A Chinese online car-hailing platform called Shouqi Limousine and Chauffeur apologized for safety issues after a woman in Hangzhou claimed she injured herself by jumping out of a moving car while attempting to escape a dangerous situation.
On June 12, a passenger surnamed Gao ejected herself from the vehicle and fractured her left arm after the 8-kilometer ride had started, claiming that the driver tried to strike up a conversation with her and changed the route set by the navigation app twice. The accident has stirred up tremendous online attention in China over recent days.
Following an investigation into the trip recording, local police said the driver indeed changed the pre-set route without Gao’s permission, which caused the rider to jump out of the vehicle in alarm. But police noted they found no evidence to support allegations of criminal behavior by the driver.
Local authorities will impose punishment on the driver and the platform for violation of regulations on taxi management.
According to the statement of Shouqi, the platform will enhance its security by tightening rules for driving routes to avoid passengers’ misunderstanding.
In the statement, Shouqi said it will ramp up training for drivers’ communication skills with passengers. The premium ride-hailing company will offer customers more reminders of safety features including ride-sharing and the “direct button” on cars that can summon police help when riders feel endangered.
In fact, Shouqi explained the accident in detail as early as June 19.
“The driver never told me anything about choosing an alternative route. He never made an emergency call after I jumped out of the car. Shouqi has never paid me medical expenses, nor has it offered me any recordings of the accident,” Gao expressed in a disproving response to Shouqi’s statement, published to her Weibo account on June 20.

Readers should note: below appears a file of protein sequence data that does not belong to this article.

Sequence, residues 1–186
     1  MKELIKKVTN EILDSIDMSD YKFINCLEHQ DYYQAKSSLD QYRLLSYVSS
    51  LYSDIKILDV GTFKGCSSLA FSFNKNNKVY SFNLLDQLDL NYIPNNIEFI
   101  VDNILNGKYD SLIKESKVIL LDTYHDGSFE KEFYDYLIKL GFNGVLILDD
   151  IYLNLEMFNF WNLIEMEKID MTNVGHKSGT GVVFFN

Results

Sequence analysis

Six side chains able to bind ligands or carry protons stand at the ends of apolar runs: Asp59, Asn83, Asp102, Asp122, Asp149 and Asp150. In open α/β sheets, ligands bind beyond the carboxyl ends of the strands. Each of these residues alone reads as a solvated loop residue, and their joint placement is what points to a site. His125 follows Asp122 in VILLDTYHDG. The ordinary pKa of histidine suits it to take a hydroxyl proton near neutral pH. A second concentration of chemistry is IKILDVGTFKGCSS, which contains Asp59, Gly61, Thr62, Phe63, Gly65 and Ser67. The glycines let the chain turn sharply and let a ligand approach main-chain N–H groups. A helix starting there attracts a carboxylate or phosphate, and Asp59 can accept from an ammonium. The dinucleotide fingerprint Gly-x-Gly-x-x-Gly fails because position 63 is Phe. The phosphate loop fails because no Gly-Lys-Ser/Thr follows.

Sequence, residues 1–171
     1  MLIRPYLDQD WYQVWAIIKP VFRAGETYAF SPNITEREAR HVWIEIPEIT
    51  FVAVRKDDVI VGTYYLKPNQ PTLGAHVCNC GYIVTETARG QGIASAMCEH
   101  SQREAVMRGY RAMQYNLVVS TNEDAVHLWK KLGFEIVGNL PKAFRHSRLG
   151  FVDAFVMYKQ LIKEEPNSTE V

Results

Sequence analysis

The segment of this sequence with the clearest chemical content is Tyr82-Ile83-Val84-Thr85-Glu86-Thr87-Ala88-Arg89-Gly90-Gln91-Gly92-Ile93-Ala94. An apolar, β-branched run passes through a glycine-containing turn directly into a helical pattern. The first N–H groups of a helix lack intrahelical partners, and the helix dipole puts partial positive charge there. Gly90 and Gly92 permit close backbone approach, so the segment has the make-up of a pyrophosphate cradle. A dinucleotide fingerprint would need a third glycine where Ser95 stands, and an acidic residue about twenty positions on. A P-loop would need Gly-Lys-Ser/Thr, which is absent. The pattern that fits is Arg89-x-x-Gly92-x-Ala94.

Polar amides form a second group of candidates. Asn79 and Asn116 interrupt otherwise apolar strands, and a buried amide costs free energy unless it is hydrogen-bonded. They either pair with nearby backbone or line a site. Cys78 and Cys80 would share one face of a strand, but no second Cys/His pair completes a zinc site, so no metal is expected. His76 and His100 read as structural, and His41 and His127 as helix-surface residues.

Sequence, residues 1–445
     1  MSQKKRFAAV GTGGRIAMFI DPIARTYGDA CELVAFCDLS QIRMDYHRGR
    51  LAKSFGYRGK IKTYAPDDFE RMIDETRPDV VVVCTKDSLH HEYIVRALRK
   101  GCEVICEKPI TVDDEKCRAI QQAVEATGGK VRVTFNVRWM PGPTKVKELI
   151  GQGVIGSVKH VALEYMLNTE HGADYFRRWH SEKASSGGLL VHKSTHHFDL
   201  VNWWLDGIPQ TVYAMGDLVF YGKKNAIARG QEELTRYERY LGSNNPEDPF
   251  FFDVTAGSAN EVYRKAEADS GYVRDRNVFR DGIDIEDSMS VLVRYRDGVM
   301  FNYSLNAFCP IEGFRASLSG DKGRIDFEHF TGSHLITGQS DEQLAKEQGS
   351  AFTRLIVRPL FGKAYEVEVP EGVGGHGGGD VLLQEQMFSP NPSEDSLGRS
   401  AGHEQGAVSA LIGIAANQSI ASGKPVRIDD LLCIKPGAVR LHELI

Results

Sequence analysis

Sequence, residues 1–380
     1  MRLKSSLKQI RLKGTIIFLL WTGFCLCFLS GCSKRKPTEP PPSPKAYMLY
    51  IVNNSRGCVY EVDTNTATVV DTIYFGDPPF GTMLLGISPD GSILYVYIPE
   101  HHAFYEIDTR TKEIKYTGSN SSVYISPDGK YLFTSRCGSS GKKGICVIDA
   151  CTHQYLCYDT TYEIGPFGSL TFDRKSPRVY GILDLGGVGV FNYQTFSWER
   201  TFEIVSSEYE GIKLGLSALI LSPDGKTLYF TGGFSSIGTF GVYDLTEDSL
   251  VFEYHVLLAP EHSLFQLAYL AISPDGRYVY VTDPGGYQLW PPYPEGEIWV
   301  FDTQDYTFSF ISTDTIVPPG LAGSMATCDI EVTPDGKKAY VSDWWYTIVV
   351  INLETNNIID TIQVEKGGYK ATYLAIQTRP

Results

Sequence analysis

As of this morning, Gao’s response has been shared more than 25,000 times and amassed more than 42,000 comments on Weibo. Although most commentators supported Gao, some netizens thought her worries were groundless.
“If she is murdered, people will say she is not vigilant enough. Now, she is vigilant, but people say she is paranoid. You just didn’t try to understand the fear of female passengers,” one commentator wrote on Weibo.
The safety of female passengers while using online ride-hailing applications has been discussed extenstively over recent years. In February, a young woman in Changsha, Hunan Province fatally jumped from a truck operated by Lalamove because the male driver repeatedly failed to follow the route recommended by Lalamove’s App.
Lalamove said that all safety improvement measures that the company promised earlier have been fully put into force, and more than 600 million yuan ($93 million) will be invested in safety throughout the next two years.